Another achievement in terms of collaboration is my involvement in practical Training of Trainers courses, conducted in partnership with Eva Stabell and the Norwegian Union of Journalists. Over the past few years, we have been organizing Safety and Equality courses tailored specifically for female journalists in both English and French speaking African regions. Following the courses, the female journalists then go back to their respective media houses, where they share the knowledge acquired with their colleagues. I engaged with such a group of women journalists in Ivory Coast just a few weeks ago. It’s incredibly encouraging to collaborate with these journalists, sharing promising practices in promoting equality and safety. There are so many courageous, inspiring women! And speaking about inspiring women: Powerhouse Julie Posetti and colleagues’ pioneering initiative to develop an Online Violence Early Warning System as a response to targeted attacks on women journalists is highly promising. The project aims to adopt a novel strategy for monitoring, predicting, and ultimately preventing gender-based online violence – before it escalates into offline abuse, harassment, and physical attacks. It is a great privilege to be a part of the advisory board for such an ambitious project, surrounded by a wealth of skills, strength, and positive energy.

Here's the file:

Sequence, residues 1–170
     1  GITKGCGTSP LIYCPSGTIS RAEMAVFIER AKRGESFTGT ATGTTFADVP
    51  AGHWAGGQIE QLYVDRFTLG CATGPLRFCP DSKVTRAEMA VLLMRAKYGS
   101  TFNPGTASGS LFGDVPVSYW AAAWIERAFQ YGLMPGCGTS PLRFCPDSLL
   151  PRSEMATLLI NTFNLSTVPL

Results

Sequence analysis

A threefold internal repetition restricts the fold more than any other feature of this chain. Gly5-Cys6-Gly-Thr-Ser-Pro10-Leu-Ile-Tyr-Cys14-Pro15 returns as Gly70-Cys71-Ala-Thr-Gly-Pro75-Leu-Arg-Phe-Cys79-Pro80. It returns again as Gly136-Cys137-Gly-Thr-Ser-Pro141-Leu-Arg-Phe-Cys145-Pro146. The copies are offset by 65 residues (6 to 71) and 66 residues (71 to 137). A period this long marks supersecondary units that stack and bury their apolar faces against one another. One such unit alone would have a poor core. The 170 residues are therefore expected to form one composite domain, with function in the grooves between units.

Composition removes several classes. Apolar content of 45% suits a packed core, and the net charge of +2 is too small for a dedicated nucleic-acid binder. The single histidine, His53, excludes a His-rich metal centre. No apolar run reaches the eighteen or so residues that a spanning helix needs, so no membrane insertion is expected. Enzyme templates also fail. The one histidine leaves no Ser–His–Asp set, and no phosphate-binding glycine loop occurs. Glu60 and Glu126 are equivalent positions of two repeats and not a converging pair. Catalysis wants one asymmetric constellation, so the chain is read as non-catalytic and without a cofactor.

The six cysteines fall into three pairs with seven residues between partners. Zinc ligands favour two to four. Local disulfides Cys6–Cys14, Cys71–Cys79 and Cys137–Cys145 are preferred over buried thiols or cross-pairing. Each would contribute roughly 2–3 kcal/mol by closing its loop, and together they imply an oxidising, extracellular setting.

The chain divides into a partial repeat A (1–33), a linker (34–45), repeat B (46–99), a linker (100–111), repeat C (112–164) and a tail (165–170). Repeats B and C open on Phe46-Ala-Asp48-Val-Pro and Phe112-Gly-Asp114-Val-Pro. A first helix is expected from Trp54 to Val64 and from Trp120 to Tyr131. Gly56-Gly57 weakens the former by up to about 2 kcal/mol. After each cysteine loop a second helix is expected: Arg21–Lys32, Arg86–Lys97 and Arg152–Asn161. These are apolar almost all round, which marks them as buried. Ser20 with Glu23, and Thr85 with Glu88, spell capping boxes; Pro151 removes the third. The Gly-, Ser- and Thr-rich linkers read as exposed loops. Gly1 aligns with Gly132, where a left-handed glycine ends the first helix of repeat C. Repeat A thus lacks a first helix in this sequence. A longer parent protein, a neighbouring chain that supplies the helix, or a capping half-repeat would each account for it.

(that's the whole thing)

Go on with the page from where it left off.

What is your biggest regret in the area of journalists’ safety?